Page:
LONDON (Reuters) – British job vacancies dropped to the lowest level since the COVID-19 pandemic last week, a sign of a further weakening in the labour market that has been cooling since July, according to data from the Recruitment & Employment Confederation (REC).
There were 143,000 new job postings in the week of Sept. 19-25, the least in 2022 so far, bringing the total number of active job alerts to 1.45 million, REC said on Friday.
“Employer demand is still significant, but a cooling-off is no surprise,” Neil Carberry, the chief executive of REC, said.
“With inflation high, and employers concerned about the economic picture, some moderation in hiring from the sugar rush of the past year was predictable.”
The Bank of England has tried to rein in inflation by raising interest rates since December last year. It expects unemployment to rise from next year.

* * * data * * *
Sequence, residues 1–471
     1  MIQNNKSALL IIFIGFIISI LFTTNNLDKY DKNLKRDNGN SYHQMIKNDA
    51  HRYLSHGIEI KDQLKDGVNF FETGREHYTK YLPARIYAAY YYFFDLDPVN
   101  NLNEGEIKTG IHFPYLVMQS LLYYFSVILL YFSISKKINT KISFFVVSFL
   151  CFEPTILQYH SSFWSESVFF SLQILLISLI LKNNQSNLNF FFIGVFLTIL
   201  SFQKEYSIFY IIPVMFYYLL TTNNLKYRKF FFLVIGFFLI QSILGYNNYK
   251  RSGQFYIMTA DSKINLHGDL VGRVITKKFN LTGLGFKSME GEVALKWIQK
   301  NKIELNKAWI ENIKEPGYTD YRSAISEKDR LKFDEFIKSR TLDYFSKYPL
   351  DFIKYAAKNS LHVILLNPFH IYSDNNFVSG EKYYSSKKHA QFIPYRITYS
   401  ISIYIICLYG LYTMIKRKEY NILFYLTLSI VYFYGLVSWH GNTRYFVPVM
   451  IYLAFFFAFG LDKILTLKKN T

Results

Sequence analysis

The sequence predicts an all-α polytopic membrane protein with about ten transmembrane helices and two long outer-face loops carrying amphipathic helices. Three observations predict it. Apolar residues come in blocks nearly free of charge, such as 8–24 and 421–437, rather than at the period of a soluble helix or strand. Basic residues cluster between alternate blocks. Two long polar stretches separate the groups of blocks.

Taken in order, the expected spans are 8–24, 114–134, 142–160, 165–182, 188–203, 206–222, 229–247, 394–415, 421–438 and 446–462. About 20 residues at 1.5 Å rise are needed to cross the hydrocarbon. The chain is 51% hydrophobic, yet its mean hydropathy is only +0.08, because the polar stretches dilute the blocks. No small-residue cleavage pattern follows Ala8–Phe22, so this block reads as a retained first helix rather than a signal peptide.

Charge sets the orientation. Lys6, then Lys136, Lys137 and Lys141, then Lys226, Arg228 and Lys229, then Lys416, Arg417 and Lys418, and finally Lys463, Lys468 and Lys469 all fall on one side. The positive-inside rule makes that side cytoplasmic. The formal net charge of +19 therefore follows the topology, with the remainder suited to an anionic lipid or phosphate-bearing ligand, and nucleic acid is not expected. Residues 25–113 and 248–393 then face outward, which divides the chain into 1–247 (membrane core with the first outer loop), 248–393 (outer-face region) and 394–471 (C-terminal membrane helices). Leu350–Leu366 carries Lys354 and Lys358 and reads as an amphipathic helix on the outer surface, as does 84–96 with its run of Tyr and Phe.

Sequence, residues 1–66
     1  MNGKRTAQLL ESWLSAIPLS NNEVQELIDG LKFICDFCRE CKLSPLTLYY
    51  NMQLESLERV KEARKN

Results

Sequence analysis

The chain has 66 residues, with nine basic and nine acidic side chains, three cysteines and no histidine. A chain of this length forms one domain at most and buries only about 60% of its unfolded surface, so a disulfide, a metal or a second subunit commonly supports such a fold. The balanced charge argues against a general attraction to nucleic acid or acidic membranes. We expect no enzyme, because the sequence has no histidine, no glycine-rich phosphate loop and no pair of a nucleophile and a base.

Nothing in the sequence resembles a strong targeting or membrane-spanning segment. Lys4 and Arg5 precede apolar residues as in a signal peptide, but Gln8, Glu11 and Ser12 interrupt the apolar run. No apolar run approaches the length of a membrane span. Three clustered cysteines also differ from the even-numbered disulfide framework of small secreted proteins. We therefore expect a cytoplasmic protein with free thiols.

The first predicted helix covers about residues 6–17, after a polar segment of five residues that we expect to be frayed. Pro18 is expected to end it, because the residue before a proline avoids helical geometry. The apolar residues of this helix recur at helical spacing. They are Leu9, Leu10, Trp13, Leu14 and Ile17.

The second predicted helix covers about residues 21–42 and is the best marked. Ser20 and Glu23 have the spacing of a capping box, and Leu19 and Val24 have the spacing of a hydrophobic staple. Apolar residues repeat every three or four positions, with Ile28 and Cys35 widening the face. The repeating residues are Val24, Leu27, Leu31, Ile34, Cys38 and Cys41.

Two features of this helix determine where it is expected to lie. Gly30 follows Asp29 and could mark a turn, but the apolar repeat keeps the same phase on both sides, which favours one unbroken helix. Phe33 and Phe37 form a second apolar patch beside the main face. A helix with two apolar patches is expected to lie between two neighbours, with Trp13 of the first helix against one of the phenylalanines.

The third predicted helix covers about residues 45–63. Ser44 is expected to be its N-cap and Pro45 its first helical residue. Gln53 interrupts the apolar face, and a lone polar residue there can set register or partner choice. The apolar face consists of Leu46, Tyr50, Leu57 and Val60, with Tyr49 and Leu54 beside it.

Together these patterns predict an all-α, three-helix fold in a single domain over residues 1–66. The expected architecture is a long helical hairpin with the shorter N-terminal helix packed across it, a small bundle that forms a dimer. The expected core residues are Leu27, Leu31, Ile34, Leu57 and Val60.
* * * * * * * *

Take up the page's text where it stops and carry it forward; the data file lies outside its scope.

At the same time, new Prime Minister Liz Truss is seeking to boost economic growth with a tax-slashing mini-budget that was unveiled by her finance minister last week, triggering turmoil in financial markets.
Carberry said the government needed to ensure stability in Britain’s fiscal and monetary outlook for businesses to pick up the pace of hiring.
(Reporting by Humza Jilani; Editing by William Schomberg)